In 1967, 100,000 hippies from across the country converged on San Francisco in a mass phenomenon dubbed the “Summer of Love.” Many were college kids on summer break and would leave come autumn—others stuck around to witness the Haight’s slow decline into a cultural wasteland.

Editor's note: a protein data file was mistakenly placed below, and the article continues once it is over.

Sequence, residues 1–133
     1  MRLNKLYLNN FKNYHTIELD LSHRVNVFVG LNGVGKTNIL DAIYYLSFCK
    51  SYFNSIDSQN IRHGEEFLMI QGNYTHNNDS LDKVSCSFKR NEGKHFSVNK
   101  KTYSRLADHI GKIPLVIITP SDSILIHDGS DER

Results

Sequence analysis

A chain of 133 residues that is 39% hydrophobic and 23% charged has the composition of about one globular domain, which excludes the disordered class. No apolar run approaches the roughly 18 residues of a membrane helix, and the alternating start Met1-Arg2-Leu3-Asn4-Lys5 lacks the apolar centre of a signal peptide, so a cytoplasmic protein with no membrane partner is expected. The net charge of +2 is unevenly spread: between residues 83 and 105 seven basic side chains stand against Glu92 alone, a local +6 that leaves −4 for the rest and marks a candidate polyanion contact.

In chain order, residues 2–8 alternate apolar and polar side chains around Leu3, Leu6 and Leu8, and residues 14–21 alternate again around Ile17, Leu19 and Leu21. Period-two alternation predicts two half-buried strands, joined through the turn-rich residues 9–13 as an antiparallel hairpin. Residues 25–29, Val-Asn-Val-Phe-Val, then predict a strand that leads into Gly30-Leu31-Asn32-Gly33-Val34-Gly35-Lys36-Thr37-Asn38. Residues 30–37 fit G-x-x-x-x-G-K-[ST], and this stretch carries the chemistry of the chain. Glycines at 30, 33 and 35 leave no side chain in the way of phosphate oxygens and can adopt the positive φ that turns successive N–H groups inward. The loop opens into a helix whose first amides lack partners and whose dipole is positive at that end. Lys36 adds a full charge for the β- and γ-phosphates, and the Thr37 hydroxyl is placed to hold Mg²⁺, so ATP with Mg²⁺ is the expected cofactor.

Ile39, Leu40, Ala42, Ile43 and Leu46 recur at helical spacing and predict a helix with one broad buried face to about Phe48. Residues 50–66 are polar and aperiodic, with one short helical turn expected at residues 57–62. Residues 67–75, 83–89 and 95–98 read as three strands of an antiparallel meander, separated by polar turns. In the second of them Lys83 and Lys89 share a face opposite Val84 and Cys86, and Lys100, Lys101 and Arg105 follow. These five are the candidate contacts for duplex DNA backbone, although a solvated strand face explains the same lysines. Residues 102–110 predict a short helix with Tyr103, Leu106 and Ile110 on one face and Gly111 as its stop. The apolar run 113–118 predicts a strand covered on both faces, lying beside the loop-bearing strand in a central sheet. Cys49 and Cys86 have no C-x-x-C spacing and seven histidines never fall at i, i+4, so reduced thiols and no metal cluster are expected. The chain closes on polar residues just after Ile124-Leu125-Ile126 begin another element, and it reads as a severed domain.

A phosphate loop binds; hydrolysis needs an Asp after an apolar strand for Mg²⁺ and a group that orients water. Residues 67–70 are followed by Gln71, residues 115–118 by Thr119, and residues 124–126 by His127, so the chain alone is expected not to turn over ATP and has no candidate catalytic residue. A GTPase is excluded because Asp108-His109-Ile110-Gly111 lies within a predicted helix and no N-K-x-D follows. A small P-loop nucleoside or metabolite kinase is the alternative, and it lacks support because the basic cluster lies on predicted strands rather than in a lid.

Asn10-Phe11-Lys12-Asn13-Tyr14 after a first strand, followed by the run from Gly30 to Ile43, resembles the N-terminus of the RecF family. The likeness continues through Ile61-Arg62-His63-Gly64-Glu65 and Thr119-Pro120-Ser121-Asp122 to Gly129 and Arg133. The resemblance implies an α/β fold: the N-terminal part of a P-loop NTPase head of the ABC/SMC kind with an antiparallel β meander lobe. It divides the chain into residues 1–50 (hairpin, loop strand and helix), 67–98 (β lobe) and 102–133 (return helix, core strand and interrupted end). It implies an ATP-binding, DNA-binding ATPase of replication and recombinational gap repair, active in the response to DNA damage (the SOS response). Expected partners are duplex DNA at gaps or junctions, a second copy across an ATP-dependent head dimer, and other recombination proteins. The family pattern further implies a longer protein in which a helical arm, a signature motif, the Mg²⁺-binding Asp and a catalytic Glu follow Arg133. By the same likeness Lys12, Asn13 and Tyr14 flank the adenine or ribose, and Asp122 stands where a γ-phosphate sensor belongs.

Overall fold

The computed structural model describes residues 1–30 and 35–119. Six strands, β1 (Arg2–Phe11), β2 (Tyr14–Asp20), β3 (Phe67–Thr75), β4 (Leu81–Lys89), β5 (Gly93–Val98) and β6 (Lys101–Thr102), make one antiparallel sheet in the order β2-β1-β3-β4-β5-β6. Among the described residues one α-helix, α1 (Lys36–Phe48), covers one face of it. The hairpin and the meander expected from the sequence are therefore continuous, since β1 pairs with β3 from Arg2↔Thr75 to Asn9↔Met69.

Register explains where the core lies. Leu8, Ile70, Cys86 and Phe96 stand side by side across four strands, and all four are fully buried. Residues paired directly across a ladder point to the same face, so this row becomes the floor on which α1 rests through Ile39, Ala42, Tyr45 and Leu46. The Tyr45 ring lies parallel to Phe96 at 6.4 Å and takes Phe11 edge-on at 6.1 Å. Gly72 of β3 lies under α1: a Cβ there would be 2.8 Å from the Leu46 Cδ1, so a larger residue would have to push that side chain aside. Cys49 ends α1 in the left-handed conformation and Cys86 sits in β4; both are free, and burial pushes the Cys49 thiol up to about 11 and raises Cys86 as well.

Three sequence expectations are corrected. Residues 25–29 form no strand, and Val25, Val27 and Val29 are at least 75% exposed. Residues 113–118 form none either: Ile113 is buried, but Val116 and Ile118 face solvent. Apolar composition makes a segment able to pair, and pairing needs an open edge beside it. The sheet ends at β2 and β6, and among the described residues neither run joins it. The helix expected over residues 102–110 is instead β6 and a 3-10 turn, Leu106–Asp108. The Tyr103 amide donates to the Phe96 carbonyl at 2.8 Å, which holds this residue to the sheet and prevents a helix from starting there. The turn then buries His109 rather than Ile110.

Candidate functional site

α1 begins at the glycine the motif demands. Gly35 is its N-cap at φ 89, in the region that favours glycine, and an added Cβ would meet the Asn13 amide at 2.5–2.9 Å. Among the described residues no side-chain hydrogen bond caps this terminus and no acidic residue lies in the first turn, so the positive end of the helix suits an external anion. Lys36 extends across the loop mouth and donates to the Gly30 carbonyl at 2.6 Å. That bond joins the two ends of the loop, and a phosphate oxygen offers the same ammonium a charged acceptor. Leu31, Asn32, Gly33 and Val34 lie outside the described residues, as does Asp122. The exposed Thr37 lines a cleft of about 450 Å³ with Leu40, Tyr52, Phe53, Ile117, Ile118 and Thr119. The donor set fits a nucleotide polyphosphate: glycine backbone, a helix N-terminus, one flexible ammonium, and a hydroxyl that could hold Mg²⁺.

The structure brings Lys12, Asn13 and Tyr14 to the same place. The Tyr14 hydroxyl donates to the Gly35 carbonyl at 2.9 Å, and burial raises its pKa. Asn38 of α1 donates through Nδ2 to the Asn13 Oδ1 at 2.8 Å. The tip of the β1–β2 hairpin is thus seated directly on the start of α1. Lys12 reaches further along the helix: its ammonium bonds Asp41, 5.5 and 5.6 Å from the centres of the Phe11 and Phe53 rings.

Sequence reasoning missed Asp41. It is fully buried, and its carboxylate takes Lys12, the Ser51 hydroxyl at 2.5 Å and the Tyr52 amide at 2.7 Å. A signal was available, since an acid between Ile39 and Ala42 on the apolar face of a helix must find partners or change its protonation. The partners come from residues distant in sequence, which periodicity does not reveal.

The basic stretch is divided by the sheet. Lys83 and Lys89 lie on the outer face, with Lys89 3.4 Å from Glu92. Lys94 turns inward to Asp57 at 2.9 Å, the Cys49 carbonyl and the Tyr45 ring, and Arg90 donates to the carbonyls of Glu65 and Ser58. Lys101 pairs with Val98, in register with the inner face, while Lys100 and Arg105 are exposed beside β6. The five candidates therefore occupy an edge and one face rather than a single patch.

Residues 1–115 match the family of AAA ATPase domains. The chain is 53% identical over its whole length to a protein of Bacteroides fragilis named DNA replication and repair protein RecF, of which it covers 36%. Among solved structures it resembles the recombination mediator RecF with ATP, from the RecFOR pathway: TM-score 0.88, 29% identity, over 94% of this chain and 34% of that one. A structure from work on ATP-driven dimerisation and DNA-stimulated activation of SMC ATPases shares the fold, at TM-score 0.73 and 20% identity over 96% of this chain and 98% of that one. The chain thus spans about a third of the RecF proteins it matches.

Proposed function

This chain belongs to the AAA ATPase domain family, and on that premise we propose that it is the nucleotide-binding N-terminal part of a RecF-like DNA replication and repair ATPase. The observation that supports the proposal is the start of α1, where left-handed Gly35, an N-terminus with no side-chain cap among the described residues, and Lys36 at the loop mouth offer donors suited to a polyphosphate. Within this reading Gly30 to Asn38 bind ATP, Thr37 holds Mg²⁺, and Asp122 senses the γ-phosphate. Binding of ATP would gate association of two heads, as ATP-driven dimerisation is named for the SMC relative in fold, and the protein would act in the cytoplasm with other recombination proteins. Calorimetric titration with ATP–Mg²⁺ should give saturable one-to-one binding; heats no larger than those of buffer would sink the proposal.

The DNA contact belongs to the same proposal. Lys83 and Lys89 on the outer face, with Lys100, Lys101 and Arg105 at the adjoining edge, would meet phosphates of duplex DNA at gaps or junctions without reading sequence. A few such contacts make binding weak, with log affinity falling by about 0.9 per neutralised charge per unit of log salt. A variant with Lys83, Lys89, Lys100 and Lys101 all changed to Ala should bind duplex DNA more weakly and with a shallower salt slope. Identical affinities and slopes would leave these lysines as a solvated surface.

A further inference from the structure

Like a lot of young people, Jim Marshall was there. Drawn to the city’s Haight-Ashbury district by the surge of culture manifesting there—in music and fashion, in politics and mind-expanding drugs. Unlike the hordes of flower children washing up in the bohemian enclave that summer, Marshall was there to work. As a photographer employed by the biggest music labels in the business his job was to create a visual record of what Hunter S. Thompson would later lament as “the crest of a high and beautiful wave.”